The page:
Obelisk of Distances

Related to City Art
Installed 1818
A sandstone obelisk stands in a small fenced area of a park. Pedestrians walk nearby and both modern and historic buildings line the street in the background.
Close view of the inscription engraved in the base of the obelisk. Legible words include "Sydney" and "137 Miles".
Detail of a fan shape engraved on a bottom corner of the obelisk.

This 1818 obelisk is the zero point from which all the road distances in New South Wales are measured.

Artist: Francis Greenway

Artwork description

The Obelisk of Distances is a tall, tapering shaft of sandstone around 6m high on a rectangular base and pedestal. It is set below street level, approached on both sides by flights of steps and surrounded by a ring of wrought iron railing.

Erected in 1818 as an official starting point for measuring all the road distances in NSW, the Obelisk of Distances continues to perform this function today. The NSW State heritage Inventory listing for Macquarie Place notes that, “With few exceptions, roads emanating from Sydney, particularly the ‘Great Roads’ continue to be measured from the Macquarie Place Obelisk.”

Also known as the Macquarie Obelisk, it was erected by Governor Macquarie in what was then the geographic centre point of Sydney.

The monument was also the ‘symbolic peg’ indicating the furthest extent of the British Empire in the early 1800s. From a contemporary perspective it also reflects the process of superimposing European notions of time, space and ownership on the antipodean environment.

The obelisk is apparently the earliest surviving monument in the colony, probably built by convict labour.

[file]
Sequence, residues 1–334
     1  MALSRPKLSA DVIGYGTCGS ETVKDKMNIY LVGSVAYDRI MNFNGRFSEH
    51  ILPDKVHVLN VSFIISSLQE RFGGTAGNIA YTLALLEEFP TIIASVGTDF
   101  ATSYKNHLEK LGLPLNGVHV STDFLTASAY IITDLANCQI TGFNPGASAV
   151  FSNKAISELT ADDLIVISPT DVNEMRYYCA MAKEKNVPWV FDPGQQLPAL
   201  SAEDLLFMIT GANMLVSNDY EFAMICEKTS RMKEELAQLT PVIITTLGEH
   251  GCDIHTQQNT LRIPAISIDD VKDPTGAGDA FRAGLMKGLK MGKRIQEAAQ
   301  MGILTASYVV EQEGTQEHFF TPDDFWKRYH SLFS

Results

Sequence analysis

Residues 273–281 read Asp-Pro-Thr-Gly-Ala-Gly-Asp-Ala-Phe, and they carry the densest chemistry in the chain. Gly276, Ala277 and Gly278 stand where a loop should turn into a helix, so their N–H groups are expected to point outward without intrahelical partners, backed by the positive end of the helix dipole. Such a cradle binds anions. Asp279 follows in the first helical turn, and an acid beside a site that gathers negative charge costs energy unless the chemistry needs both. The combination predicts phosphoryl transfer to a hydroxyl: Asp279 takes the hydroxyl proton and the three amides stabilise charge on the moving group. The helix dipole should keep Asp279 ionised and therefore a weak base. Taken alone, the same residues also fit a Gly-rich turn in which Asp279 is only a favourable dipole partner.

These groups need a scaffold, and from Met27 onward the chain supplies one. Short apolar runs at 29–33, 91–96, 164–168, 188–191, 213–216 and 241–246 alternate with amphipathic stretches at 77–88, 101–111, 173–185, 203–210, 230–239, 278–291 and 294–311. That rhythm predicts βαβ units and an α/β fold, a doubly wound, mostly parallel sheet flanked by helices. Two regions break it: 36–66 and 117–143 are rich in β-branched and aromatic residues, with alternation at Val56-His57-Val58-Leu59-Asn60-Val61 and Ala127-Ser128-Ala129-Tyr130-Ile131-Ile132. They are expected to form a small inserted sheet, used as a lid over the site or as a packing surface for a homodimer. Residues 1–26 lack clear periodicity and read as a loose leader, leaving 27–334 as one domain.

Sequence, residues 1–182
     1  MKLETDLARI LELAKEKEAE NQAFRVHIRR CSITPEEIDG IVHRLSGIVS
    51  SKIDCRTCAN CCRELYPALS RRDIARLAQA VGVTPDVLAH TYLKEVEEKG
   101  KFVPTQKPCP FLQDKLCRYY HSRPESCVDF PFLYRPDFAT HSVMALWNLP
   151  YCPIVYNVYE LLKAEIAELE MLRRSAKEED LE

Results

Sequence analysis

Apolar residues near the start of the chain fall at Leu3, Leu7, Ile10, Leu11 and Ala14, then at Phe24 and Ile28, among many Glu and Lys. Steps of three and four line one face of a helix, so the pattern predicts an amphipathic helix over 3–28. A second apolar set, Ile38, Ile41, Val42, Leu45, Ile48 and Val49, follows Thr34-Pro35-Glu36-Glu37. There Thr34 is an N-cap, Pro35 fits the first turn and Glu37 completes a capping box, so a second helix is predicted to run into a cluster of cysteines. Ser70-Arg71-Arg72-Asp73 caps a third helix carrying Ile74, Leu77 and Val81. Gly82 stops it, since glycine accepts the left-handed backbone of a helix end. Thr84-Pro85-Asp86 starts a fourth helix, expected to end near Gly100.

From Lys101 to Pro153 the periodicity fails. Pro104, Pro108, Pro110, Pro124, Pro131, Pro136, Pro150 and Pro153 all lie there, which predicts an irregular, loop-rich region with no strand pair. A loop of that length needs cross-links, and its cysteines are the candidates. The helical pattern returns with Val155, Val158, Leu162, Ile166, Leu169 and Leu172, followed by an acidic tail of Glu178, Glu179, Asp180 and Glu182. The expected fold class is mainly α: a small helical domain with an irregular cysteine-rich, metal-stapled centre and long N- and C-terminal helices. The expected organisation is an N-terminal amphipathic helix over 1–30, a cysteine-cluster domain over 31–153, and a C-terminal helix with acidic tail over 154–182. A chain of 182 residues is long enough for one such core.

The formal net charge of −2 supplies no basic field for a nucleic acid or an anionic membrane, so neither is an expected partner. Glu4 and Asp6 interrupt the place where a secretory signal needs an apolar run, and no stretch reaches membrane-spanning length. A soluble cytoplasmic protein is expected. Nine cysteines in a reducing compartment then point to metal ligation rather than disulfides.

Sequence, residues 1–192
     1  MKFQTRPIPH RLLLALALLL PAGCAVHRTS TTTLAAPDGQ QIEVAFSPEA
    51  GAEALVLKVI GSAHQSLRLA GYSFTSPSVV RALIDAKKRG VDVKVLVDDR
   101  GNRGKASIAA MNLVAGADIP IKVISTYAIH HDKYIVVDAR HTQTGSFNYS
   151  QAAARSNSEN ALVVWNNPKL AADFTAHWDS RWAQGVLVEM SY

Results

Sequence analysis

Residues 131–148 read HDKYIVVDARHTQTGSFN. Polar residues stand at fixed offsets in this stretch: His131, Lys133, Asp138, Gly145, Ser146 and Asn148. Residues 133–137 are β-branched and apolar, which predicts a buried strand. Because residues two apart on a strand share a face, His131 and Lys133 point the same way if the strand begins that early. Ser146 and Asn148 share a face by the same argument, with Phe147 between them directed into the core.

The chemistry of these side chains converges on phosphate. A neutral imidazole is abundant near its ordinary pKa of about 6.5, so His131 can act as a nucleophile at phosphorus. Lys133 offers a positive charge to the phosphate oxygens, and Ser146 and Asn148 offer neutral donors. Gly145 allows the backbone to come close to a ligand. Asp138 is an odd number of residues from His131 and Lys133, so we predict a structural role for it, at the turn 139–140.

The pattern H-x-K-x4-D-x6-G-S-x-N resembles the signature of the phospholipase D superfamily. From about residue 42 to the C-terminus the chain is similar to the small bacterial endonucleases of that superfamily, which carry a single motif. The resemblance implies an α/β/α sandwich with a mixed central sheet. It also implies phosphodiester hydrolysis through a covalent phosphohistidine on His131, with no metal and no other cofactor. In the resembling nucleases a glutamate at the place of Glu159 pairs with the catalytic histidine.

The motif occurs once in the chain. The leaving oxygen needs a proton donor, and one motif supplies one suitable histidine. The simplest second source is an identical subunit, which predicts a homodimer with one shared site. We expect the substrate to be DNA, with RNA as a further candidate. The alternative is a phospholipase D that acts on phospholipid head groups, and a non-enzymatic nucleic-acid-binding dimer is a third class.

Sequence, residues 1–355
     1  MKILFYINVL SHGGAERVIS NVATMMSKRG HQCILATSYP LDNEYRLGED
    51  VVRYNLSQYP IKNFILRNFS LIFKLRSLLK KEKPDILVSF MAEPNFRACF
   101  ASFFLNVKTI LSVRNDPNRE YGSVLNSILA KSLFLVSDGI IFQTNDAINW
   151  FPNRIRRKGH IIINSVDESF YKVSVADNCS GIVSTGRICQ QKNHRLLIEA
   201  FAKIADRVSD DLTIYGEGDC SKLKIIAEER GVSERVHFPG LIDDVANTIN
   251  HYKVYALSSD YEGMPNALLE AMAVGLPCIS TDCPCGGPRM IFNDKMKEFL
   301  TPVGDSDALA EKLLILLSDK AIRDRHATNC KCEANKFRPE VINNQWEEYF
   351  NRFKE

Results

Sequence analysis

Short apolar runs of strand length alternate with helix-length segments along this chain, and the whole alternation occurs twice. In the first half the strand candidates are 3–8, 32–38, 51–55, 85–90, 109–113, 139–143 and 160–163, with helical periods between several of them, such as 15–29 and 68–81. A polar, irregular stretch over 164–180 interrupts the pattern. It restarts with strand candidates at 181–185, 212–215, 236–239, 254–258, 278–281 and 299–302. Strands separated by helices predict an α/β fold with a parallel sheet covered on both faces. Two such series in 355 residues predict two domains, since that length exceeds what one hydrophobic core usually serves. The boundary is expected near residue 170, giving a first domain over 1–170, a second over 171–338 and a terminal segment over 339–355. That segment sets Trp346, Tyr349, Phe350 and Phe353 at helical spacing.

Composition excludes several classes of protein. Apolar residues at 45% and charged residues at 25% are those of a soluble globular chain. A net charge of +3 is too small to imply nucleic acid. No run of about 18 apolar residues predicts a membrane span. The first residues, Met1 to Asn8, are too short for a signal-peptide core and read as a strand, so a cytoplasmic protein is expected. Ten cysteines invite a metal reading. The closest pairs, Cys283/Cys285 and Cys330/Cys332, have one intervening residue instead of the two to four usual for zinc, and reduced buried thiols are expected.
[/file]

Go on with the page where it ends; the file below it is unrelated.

The once prominent position of the obelisk has been eroded over time by the encroachment of roads. There was originally a surrounding wall which had design elements reflecting those on the obelisk itself.


Francis Greenway (1777–1837) was an English architect transported to Australia for the crime of forgery, arriving in Sydney in 1814. In NSW he worked for the Governor, Lachlan Macquarie, as Australia’s first government architect and is well known for buildings such as St James’ Church Sydney and Hyde Park Barracks, Sydney.


Minor conservation works have been carried out over the years starting as early as 1895–1901.

Repairs in 1916 included work on the ornamental steps and the stonework surrounding the monument.

In 1966 repair work was carried out after damage was caused by a motor vehicle.

Restoration works in 2007 fixed underground drainage to ensure pooled water could not be drawn up into the stone and cause damage.

In 2009 the historic inscription legibility was improved and old pointing was removed and replaced with sound lime-based mortars to further keep water out of the monument. The sandstone was consolidated to strengthen the stone and to slow weathering. The work also included cleaning, biocidal treatment, coating reduction, toning of bare stone surfaces and desalination.

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